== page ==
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1889 to 1893 - President Benjamin Harrison (Republican)

The Presidency of Benjamin Harrison: Dashed Hopes for African Americans

Sandwiched between the two presidential terms of Democrat Grover Cleveland was the administration of Benjamin Harrison who served as president from 1889 to 1893. As a prominent Republican lawyer-politician from Indiana, he was the grandson of the ninth president of the United States, William Henry Harrison and also a great-grandson of a signer of the Declaration of Independence. The second son of John Scott Harrison was born August 20, 1833 in his grandfather’s house at North Bend, Indiana. While there is little evidence that Harrison was especially concerned with the successive crises of the 1850s, after the attack on Fort Sumter he found himself caught up in the popular fervor and soon joined the army rising to the rank of a Brevet-Brigadier General gaining some fame while fighting with General Sherman’s campaign in Georgia. Following the Civil War, Harrison became an attorney with a practice in Indianapolis. Losing in his race for governor of Indiana in 1876, Harrison was elected to the U. S. Senate in 1881. Following leading Republican candidate James G. Blaine’s decision not to run and to support Harrison, his political fortunes skyrocketed.

The overturning of the Civil Rights Act of 1875 gave rise to protest meetings across the nation by African Americans. Benjamin Harrison addressed one of these meeting in Indianapolis on October 23rd, 1883. Addressing his “Fellow-citizens” Harrison immediately commented on the fact that only shortly before in Indiana, he would have not been able to use the term “fellow-citizens.” He recalled that the Dred Scott decision “did not recognize you as citizens” stating forthrightly that those in the audience now enjoyed “every right that I possess” continuing to praise the remarkable change in the African American status undergone since the Civil War. “I do not think there has been any revolution in history more notable or significant than the revolution which has taken place in this country since 1860. . . .” He went on to say that before the war there were four million enslaved blacks who were “absolutely deprived of all natural and political rights; in the eyes of the law mere things, . . –chattels, to be sold upon the auction block...” Even in Indiana, Harrison continued to describe the law Indiana prohibiting the entry and hiring of “colored men.” Turning to education Harrison spoke of the great progress in providing education to African Americans in Indiana:

. . .You have magnificently constructed and equipped school-houses built out of the public taxes of the State of Indiana, in which your children may from day to day acquire the elements of an education which shall fit them for the right exercise of that citizenship with which they are now endowed; and in those schools you have colored men who, by their own intelligence and industry, have made themselves fit to preside over them, . . .

Unusual for a politician of the 19th or, even the 20th century, Harrison envisioned a future warm atmosphere off racial integration:

. . . I noticed to-day as I walked down from my house in the morning young colored children, with their books under their arms, going to the high school, entering there with the children of the white men, rich and poor, of Indianapolis, upon equal terms, to acquire the higher branches of education. . . . .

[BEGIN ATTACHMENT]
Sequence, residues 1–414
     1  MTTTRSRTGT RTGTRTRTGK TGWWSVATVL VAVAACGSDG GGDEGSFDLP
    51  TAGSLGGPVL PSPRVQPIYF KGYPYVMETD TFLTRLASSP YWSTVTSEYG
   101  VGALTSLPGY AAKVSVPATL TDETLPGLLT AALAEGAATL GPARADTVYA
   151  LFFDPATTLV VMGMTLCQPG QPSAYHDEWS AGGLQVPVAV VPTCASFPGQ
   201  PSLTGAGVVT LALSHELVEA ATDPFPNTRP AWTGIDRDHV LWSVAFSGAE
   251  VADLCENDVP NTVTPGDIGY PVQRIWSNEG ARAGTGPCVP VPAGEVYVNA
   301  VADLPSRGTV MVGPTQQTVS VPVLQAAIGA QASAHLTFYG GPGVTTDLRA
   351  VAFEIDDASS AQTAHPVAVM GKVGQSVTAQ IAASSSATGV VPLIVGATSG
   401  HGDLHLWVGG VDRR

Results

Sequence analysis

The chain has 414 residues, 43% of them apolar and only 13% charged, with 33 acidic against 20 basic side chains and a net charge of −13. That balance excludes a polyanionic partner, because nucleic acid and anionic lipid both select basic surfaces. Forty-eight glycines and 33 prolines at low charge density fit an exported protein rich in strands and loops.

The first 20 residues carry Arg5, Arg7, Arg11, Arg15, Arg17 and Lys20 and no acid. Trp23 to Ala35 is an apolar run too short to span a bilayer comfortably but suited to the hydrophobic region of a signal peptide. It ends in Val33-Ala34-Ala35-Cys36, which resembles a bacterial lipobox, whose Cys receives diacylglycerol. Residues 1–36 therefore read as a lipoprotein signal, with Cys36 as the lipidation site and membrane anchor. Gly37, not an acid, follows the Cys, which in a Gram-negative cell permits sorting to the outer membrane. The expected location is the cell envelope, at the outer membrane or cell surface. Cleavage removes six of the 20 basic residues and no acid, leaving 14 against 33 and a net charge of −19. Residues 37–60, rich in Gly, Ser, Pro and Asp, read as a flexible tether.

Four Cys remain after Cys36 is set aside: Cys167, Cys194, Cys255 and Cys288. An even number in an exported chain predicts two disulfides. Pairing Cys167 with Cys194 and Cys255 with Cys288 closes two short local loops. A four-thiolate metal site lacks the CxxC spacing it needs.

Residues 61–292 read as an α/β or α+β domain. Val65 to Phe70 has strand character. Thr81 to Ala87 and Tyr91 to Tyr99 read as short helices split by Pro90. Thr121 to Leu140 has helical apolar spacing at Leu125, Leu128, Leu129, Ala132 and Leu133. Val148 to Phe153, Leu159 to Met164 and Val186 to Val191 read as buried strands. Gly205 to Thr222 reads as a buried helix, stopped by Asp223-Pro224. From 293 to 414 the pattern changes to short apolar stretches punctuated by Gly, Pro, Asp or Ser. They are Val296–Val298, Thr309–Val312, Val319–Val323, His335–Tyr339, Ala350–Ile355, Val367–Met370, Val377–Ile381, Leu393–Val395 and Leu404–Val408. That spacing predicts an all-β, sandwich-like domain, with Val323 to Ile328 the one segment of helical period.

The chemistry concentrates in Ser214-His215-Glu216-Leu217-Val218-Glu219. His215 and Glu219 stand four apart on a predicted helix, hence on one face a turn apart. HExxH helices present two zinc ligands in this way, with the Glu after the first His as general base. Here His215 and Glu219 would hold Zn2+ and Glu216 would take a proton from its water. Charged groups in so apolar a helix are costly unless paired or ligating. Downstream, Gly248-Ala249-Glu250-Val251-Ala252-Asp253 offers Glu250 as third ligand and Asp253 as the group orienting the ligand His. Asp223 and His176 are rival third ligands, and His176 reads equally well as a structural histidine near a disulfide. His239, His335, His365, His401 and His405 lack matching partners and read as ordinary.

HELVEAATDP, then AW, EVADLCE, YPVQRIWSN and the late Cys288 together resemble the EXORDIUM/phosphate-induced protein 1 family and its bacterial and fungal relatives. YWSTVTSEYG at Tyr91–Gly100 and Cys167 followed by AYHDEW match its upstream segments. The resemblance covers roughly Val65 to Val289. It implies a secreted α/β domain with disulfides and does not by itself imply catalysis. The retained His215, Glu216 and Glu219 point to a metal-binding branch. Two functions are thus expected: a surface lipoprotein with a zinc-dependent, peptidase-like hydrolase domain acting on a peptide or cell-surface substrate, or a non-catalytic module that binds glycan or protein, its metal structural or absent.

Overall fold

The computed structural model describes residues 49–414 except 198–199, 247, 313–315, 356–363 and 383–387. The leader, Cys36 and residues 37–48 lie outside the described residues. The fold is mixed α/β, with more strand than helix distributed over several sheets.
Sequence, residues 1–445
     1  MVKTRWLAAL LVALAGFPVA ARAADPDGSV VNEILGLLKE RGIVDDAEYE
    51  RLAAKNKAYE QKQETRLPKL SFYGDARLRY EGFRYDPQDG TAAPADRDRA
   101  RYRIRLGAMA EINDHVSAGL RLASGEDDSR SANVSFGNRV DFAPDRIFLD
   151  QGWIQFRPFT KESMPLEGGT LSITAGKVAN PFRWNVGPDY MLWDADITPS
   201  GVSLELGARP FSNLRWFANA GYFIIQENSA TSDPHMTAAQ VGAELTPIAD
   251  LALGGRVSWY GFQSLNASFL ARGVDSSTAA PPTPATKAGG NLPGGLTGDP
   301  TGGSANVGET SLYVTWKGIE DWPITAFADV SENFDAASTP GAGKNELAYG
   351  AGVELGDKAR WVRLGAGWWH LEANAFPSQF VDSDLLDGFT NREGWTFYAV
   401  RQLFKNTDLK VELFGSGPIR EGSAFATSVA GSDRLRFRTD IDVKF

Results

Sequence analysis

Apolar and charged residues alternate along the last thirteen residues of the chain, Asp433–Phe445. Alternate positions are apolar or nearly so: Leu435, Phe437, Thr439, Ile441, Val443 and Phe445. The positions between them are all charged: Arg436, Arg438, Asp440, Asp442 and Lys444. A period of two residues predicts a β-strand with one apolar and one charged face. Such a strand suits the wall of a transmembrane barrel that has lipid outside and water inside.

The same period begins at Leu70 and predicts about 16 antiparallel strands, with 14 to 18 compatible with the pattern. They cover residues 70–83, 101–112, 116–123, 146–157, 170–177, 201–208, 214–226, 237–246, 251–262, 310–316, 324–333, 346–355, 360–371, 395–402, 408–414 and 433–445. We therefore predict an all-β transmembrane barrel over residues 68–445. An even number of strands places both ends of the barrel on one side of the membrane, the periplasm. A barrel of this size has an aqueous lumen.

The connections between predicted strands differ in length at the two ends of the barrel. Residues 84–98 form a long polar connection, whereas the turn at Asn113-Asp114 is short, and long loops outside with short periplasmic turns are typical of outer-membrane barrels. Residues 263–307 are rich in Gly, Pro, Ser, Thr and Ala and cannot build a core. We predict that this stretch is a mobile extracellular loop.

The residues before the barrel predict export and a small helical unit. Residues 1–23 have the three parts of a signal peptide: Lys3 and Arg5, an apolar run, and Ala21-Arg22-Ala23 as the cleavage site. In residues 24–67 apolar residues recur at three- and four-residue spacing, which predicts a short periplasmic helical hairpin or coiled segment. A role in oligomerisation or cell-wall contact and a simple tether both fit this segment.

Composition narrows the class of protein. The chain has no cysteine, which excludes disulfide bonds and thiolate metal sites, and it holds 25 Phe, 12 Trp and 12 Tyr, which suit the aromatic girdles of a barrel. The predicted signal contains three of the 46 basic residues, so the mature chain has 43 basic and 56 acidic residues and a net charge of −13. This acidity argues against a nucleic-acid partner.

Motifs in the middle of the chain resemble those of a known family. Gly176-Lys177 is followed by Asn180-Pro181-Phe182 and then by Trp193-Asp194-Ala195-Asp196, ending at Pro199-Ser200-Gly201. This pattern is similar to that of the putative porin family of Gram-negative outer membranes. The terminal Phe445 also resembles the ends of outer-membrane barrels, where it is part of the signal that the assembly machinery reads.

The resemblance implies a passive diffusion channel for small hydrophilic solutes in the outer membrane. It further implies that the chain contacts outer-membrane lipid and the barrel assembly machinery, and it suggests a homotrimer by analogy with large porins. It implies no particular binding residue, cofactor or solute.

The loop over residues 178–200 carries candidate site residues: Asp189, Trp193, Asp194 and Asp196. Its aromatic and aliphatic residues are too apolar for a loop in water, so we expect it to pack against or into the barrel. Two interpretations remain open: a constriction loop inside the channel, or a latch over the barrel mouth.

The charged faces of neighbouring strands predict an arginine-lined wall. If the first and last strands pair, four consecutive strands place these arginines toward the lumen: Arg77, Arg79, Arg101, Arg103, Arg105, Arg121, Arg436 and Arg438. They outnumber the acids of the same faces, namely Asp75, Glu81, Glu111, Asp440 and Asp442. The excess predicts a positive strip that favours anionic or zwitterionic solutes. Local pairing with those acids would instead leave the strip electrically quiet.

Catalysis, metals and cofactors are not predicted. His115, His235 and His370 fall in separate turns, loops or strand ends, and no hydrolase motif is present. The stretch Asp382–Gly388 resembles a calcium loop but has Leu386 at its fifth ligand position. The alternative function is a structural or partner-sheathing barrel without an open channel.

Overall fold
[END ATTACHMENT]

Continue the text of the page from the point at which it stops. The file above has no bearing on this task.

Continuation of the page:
Harrison rejoiced with black people over this progress occurring in only the previous twenty-five years boldly stating that there “has never been a proposition looking to the striking off of the shackle from the black man’s wrist, or from his mind” or “personal freedom” which he hadn’t enthusiastically supported. Winding down he recalled the sacrifices of black soldiers during the war, recalling the dead he had seen who laid down their lives “in order that they might win freedom for their race.”

In defending a program that fostered education among black people President Harrison pointed to the suddenness of black emancipation; the southern states’ inability to afford to develop it; and the great need for it given existing conditions in the African American communities. Harrison reminded the nation that the “colored people did not intrude themselves upon us; they were brought here in chains and held in the communities where they are now chiefly found, by a cruel slave code.” In 1885, he stated that “the colored race in the South has been subjected to indignities, cruelties, outrages, and a repression of rights such as find no parallel in the history of civilization.” Displaying perhaps unprecedented presidential perspective on the conditions African Americans faced, Harrison felt that “[T]hey have, from a stand-point of ignorance and poverty, which was our shame, not theirs, made remarkable advances in education and the acquisition of property.”

Harrison spoke out against the efforts of emigration agents whom he said enticed blacks away from their places of birth commenting that this would disrupt local southern economies and that blacks generally “do not desire to quit their homes.” He condemned the suppression of black civil rights in “many parts of our country where the colored population is large.” The entire country was harmed by this suppression of political rights, not just African Americans, Harrison contended. Unusually strident with respect to black civil or human rights for an American chief executive, Harrison asserted, “[I]f it is said that these communities must work out this problem for themselves, we have a right to ask whether they are at work upon it. Do they suggest a solution? When and under what conditions is the black man to have a free ballot?”